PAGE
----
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DraftKings stock fell after earnings report, but CEO says 'nothing' suggests a slowdown

·Producer
·3-min read
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Shares of online betting platform DraftKings (DKNG) were down nearly 7% at market close on Friday after first-quarter financial results that reported a wider than expected loss and higher expenses as more parts of the U.S. legalize sports gambling

But DraftKings CEO and co-founder Jason Robins struck an optimistic tone when speaking to Yahoo Finance Live on Friday, noting the company beat estimates on earnings per share and raised its full-year guidance by 16% amid increased enthusiasm for sports betting.

“We're seeing nothing in the data to suggest any slowdown,” Robins said. “In fact Q1 was as much continued momentum as we saw in the back half of last year. And really we see nothing to suggest that there's anything going on that would cause any sort of headwinds.”

To be sure, DraftKings reported some good news in its Q1 financial results. Monthly unique payers (MUP) spiked 114% compared to the first quarter of 2020. Average revenue per MUP jumped 48% since the same quarter last year. 

Still, as the Wall Street Journal noted, sales and marketing expenses quadrupled year-over-year, leading to a loss of $139 million compared with $51.6 million a year prior.

BOSTON, MA - MARCH 26:  DraftKings co-foundersand CEO Jason Robins is seen at the company's new headquarters on March 26, 2019 in Boston, Massachusetts. (Staff Photo By Angela Rowlings/MediaNews Group/Boston Herald)  (Photo by Angela Rowlings/MediaNews Group/Boston Herald via Getty Images)
DraftKings co-foundersand CEO Jason Robins is seen at the company's new headquarters on March 26, 2019 in Boston, Massachusetts. (Staff Photo By Angela Rowlings/MediaNews Group/Boston Herald) (Photo by Angela Rowlings/MediaNews Group/Boston Herald via Getty Images)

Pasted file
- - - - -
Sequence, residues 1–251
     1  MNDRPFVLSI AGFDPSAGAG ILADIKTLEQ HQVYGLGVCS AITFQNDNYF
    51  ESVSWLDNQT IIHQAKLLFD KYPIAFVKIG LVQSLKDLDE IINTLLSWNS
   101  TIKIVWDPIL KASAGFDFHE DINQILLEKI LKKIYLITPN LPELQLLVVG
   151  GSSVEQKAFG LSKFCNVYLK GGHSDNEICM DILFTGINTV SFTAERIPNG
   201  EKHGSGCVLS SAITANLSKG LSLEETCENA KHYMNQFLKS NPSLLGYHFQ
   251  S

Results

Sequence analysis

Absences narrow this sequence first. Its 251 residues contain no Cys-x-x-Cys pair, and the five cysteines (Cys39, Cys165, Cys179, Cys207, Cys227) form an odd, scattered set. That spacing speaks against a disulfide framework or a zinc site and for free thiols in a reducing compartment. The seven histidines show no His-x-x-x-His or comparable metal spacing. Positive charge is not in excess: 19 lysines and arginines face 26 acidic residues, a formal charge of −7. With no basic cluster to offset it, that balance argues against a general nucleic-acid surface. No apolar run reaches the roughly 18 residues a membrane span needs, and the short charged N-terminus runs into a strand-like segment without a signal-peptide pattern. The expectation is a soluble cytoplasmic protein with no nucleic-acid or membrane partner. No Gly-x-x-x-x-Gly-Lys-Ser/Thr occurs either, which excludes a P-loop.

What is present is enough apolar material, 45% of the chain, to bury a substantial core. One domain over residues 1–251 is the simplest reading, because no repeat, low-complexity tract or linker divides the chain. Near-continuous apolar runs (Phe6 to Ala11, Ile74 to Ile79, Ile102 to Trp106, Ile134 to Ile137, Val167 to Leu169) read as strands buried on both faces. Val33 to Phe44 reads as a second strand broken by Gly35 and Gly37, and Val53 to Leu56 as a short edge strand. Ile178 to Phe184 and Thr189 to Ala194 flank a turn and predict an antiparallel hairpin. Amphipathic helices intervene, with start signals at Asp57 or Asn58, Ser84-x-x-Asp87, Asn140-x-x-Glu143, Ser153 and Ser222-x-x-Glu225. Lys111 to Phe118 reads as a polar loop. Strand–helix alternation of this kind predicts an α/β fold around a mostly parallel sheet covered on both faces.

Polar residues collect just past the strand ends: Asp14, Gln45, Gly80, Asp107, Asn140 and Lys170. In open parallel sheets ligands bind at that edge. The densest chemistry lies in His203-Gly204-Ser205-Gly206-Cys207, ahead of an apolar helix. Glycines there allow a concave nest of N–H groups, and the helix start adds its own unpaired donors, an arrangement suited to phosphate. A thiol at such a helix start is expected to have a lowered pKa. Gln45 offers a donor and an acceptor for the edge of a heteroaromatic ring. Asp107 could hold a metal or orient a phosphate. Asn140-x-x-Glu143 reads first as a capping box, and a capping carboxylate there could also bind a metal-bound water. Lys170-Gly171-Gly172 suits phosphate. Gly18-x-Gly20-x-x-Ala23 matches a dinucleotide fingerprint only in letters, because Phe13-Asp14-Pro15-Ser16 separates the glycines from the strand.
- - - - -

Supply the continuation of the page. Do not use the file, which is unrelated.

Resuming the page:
The increased marketing costs come as more states in the U.S. legalize sports gambling. According to the American Gaming Association, 21 states plus Washington, DC. currently allow sports gambling; meanwhile, six states have legalized it and 14 others are considering laws to do so.

Explaining the growing popularity of sports betting, FanDuel President Amy Howe previously told Yahoo Finance Live that gambling had become a “mainstream part of live entertainment.” Robins, who operates one of FanDuel’s main competitors, is seeing the same shift in his business.

“Kind of gone are the days where passive consumption of content is the norm,” Robins said. “People want to interactively consume content whether that's playing games, the fantasy games or bets that DraftKings offer, whether that's tweeting or text messaging with your friends while you’re watching a sporting event...I think that's a trend that's going to continue.”

Sports fans might actually be more inclined to gamble on specific plays or smaller portions of the game than the game's overall result, Robins said. It feels more casual for bettors, he explained, and likely results from a gut feeling rather than pregame research.

DraftKings, along with FanDuel and Caesars Entertainment, will be an exclusive gaming partner of the NFL this season. As Robins pointed out, live bets keep people on the edge of their seats, something that’s beneficial for sports leagues’ television numbers as much as it helps companies like DraftKings.

It’s still early in the overall process, Robins noted, as more than half of U.S. states don’t have legalized online sports gambling. But Robins pointed out that at a recent investor day, DraftKings projected that if the other states do eventually legalize online wagers, the business’ market opportunity could surpass $60 billion.

“It’s obviously a tremendously big opportunity anyway you slice it and we are very early on in the development of it,” Robins said.

Read more:

FanDuel president: Sports betting is now 'a mainstream part of live entertainment'

How the NFL draft could 'slingshot' Cleveland businesses out of pandemic struggles

Josh Schafer is a producer for Yahoo Finance.

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